NOTE: A later version of the following article appears as sec- tion 8 in the paper "Eight Features of an Ideal Introductory Statistics Course", which is available at http://www.matstat.com/teach/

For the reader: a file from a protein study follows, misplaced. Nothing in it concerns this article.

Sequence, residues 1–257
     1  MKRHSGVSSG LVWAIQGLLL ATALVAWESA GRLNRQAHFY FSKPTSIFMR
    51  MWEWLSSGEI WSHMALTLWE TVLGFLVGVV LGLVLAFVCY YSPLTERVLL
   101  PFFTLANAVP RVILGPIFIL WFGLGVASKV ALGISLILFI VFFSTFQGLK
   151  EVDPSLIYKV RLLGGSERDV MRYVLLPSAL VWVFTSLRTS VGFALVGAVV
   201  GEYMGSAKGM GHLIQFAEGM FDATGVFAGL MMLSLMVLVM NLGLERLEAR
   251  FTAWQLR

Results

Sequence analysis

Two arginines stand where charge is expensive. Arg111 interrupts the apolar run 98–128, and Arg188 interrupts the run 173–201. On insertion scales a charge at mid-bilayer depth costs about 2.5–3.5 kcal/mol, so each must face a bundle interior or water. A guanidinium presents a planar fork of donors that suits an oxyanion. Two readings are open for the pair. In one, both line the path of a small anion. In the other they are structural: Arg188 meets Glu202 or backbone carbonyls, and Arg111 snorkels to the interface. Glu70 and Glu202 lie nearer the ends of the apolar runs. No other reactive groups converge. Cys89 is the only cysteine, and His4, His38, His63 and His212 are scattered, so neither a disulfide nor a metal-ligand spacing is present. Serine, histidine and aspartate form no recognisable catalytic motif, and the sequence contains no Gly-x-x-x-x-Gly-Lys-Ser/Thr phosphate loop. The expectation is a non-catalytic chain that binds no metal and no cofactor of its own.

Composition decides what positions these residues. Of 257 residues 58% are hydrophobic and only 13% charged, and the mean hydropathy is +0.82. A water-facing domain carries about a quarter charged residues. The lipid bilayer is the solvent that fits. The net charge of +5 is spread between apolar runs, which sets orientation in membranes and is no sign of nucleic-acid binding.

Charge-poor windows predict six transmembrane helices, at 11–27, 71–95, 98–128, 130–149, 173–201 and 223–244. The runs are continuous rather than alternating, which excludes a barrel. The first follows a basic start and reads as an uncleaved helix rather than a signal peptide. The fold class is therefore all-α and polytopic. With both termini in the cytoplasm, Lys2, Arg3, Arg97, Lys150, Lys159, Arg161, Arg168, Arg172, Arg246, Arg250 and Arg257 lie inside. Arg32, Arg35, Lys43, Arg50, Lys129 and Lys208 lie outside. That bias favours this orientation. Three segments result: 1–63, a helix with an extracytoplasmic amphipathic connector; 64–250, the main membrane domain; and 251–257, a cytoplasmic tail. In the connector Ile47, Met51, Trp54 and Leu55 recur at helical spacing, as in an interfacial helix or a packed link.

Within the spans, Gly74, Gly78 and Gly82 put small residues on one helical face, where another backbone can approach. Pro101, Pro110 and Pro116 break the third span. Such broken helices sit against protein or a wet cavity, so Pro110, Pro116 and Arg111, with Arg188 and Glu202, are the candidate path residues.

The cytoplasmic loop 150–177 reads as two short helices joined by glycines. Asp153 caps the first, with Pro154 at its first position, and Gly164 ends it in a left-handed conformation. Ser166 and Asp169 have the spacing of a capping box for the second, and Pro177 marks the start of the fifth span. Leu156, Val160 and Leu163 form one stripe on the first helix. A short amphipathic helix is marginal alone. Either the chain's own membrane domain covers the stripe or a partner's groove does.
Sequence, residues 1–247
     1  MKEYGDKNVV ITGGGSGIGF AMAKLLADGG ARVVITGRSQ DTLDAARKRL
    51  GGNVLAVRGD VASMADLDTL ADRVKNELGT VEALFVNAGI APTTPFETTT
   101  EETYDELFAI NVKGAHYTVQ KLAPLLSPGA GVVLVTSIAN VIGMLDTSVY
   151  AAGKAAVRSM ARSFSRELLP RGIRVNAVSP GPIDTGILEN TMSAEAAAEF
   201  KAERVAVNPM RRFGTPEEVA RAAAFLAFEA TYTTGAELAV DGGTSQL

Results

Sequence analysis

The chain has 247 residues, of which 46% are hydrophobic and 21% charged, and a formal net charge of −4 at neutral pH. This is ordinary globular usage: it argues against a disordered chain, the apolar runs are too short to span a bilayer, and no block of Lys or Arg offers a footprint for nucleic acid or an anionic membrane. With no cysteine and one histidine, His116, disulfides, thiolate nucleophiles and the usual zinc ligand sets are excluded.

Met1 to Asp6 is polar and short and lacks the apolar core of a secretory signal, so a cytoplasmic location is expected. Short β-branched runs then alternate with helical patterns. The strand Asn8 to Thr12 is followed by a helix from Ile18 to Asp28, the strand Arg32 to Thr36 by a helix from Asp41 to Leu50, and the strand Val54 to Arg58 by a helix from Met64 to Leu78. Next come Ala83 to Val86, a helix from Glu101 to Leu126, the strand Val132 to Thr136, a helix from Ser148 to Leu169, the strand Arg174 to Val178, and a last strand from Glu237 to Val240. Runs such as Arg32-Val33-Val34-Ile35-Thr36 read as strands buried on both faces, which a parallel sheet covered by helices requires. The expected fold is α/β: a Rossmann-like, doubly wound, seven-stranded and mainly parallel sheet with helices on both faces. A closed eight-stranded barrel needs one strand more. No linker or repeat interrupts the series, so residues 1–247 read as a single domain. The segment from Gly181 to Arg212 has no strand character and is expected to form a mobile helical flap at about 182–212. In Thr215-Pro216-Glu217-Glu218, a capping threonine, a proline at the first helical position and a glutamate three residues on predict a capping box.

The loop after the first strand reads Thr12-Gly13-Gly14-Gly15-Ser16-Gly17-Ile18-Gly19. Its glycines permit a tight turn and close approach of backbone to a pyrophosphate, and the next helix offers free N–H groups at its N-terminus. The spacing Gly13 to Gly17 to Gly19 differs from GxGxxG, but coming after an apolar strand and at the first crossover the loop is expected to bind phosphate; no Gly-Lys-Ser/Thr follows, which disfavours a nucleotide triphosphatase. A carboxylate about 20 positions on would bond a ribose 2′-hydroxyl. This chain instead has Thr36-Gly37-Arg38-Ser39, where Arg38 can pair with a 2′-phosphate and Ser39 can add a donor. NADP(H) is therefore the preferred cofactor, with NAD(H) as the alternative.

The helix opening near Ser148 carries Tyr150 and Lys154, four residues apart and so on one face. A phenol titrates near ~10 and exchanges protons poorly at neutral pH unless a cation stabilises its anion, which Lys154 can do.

Subject: Computers vs. Calculators in Intro Stat To: EdStat-L Statistics Education Discussion List, ApStat-L Statistics Education Discussion List, sci.stat.edu Usenet Newsgroup From: Donald B. Macnaughton <donmac@matstat.com> Date: Wednesday June 10, 1998 ----------------------------------------------------------------- (The following material is from a paper I shall present on August 12 at the Joint Statistical Meetings in Dallas.) Nowadays there is broad agreement that computers or hand calcula- tors are important aids in the introductory statistics course. These aids relieve teachers and students of the drudgery of sta- tistical computations, enabling them to focus instead on statis- tical concepts. However, there is presently controversy among teachers (especially high school teachers) about which is more appropriate -- computers or hand calculators. Note that computers and calculators are essentially the same de- vices (i.e., computing devices) although they differ widely on various properties. Thus it is helpful to make a list of the properties on which computers and calculators differ as an aid to understanding the differences and as an aid to choosing the best device for the introductory course. Let us compare properties of the popular TI-83 calculator from Texas Instruments with proper- ties of a typical generic low-end non-portable computer system containing, say, either ActivStats or the student version of Minitab. The following table lists some relevant properties and their values: Values of Properties of Two Computing Devices ---------------------------------------------------------------- Property TI-83 Computer ---------------------------------------------------------------- extensive online help available? no yes screen size (pixels), which speaks to 96 x 64 800 x 600 the ability of the device to display large bodies of text and detailed statistical graphics number of statistical procedures lower higher available ability to run integrated software (none) high that actually *teaches* statistics software upgradeability (none) high keyboard familiarity and ease of use low high for new users usefulness in real-world statistical low high problems printing available? usually no usually yes ability to share information with (none) high other software on the device ability for students to use the (none) high device for other functions (e.g., writing essays or Internet access) color screen? no yes space available for program and data 27 KB 300 MB+ storage* programmability severely effectively limited unlimited portability high low permitted in examinations? sometimes usually yes no cost low high ---------------------------------------------------------------- * KB = 1024 bytes, MB = million bytes. The 300 MB is an estimate and varies from computer to computer. Note that computers lead the TI-83 by a substantial margin on all but the last three properties, which I now discuss in turn. First, (assuming that students have computer access at the loca- tion where they study, a cost issue -- see below) the low port- ability of fixed computers is not a serious disadvantage because it is not necessary that students be able to perform statistical computations "on the street". Second, the fact that calculators are permitted in some examina- tions is not a significant argument in favor of using calculators during the term because the use of calculators in examinations has little to do with the practical use of computers or calcula- tors to solve real statistical problems -- it has only to do with the decisions of examination designers. (That is, the choice of examination designers should not drive the choice of computing device used during the term -- rather, the preferred device should drive the choice of examination designers.) Thus it appears that computers are superior to the TI-83 on all important properties except the property of cost. Thus it ap- pears that computers are preferred to the TI-83 in all situations in which the cost problem can be solved. Finally, it is important to note that in situations in which the cost problem *cannot* be solved, hand calculators such as the TI- 83 are a practical alternative since, although they are inferior to computers, calculators are far better than nothing. I look forward to the day when all students can have the substantial benefits of full access to computers. ------------------------------------------------------- Donald B. Macnaughton MatStat Research Consulting Inc donmac@matstat.com Toronto, Canada -------------------------------------------------------

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